thing else she said."

She did not see anyone with an injured eye.

Generally, in regard to the rooms at the back of the house, third appellant testified that she exer­cised no control over them. She did not visit them or look to the needs of those sleeping there. She did not have to do any housework, even in her own part of the house. She was aware of the fact that the young people living at the back of the house guarded the premises. After her return from Brandfort no one reported that anyone had been assaulted at the back of her house; and she had no reason to believe that anyone was being kept

57

there against his will.

She attended the Mabuse funeral and saw the group from the back of the house dressed in the football club track-suits. She did not know whether they included any of those brought to no 585 on 29 December 1988 by second appellant. She did not notice any injuries to members of this group. They danced and sang at the funeral.

In the second week of January 1989 (probably about the 9th) third appellant was visited at her home by members of the crisis committee. They told- her that there were allegations being made that she had kidnapped "certain children" from the Methodist manse in Orlando West and was keeping them at her house against their will; and also that these children had been badly assaulted. They further suggested that one had "escaped". Third appellant stated that her reaction to these allegations was that she was "outraged" and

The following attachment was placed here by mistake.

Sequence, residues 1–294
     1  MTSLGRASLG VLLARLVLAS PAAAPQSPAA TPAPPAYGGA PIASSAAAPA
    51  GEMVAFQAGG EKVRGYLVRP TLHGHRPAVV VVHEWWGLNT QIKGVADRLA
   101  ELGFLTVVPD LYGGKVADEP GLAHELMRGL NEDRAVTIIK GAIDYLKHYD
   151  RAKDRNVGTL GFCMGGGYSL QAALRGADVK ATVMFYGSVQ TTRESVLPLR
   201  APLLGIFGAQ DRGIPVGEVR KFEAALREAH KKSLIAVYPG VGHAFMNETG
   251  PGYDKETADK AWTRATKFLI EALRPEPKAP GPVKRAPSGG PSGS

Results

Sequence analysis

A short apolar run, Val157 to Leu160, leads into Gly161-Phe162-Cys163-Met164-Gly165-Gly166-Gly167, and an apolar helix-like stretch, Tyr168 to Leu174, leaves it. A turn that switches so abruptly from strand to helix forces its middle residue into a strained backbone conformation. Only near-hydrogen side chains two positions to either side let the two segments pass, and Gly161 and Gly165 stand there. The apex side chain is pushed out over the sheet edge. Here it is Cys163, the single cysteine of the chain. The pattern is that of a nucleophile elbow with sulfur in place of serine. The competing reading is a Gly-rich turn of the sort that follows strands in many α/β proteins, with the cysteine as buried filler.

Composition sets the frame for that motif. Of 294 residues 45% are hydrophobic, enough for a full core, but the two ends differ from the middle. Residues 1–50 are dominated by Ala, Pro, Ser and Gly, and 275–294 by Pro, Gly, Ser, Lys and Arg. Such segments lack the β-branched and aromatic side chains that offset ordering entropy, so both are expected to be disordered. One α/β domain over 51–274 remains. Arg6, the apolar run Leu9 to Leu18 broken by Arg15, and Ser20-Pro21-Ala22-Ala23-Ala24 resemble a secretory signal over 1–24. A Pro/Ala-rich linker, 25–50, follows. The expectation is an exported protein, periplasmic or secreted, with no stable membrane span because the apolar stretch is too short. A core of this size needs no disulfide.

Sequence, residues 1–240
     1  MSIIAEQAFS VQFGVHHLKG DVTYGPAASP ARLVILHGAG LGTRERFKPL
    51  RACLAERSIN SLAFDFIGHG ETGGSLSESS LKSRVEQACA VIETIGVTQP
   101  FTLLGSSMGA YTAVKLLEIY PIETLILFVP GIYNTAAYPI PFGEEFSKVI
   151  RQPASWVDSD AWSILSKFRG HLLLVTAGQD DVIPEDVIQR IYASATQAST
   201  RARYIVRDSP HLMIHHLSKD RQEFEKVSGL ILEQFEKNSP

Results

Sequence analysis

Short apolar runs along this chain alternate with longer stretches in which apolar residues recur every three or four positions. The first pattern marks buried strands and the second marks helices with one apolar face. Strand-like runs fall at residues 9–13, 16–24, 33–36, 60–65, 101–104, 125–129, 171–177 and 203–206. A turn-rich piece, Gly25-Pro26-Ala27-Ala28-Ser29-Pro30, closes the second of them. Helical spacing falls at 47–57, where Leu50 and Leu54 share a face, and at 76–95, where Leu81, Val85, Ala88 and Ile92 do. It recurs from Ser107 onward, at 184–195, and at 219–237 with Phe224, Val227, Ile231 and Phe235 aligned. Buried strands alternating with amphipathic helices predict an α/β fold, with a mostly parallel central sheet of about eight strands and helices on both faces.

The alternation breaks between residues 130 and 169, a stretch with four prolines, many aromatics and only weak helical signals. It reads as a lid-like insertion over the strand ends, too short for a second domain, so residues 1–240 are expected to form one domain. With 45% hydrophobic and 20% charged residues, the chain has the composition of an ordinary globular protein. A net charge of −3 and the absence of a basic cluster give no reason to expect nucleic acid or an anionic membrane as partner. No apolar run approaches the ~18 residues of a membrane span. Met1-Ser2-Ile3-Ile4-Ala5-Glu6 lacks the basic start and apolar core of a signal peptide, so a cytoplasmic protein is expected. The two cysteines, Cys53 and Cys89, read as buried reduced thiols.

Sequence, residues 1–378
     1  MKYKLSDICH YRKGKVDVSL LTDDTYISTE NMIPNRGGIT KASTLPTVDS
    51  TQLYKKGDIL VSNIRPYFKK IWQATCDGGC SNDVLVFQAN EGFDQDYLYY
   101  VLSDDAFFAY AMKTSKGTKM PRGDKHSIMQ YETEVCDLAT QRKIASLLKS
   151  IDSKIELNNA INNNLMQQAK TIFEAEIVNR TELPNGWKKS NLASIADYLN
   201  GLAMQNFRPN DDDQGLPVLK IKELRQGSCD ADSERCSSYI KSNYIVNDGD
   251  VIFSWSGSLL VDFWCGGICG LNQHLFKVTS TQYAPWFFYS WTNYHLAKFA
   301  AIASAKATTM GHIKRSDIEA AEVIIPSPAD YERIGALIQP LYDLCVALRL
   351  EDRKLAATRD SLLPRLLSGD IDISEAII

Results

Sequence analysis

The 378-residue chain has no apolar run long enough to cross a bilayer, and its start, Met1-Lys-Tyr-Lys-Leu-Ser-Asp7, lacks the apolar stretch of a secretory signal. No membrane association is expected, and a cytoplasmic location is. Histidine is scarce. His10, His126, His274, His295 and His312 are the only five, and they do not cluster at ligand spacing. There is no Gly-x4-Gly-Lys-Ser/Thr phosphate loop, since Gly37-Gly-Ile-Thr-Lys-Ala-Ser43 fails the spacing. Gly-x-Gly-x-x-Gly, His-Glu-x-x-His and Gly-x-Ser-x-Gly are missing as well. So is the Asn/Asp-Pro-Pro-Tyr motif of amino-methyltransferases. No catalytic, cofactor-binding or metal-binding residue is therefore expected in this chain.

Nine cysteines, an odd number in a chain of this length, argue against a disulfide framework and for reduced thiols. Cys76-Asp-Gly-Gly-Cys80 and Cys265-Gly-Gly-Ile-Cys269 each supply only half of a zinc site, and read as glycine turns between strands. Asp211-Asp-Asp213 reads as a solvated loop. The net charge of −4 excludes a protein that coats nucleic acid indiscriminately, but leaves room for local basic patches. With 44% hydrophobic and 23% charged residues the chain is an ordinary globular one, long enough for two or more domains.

58

"furious"; and she denied that she knew anything about this. She asked who was making the allegations, but the crisis committee said that they could not disclose the sources of their information. This made her "more infuriated". She told the crisis committee that if the allegations had reference to the children who had been brought to no 585 by second appellant, they (the members of the crisis committee) were free to go to the back rooms and speak to them directly; or to take them to a venue of their choice. That day the crisis committee did not avail themselves of this invitation. Third appellant herself decided after this meeting not to speak to the people at the back of the house. She explained:

" I was so outraged at such false and serious allegations that I told the crisis committee that in the light of what they had alleged, I would have no contact whatsoever with them, and that they were free to have access to those children so

59

that they should not charge us as having influenced them, because of the serious­ness of the allegations."

After this she kept away from the back of the house. She did, however, speak to Richardson, told him of the allegations and asked him what had happened. Richardson replied that when the children first came there were "clappings or slappings" (by him) when he was questioning them. She "pulled him up" for this. She did not ask him whether the children had been kidnapped. She had no reason to believe that force had been used to take the children away from the manse. She also tried to speak to her attorney, Mr Ismail Ayob, but he was away abroad.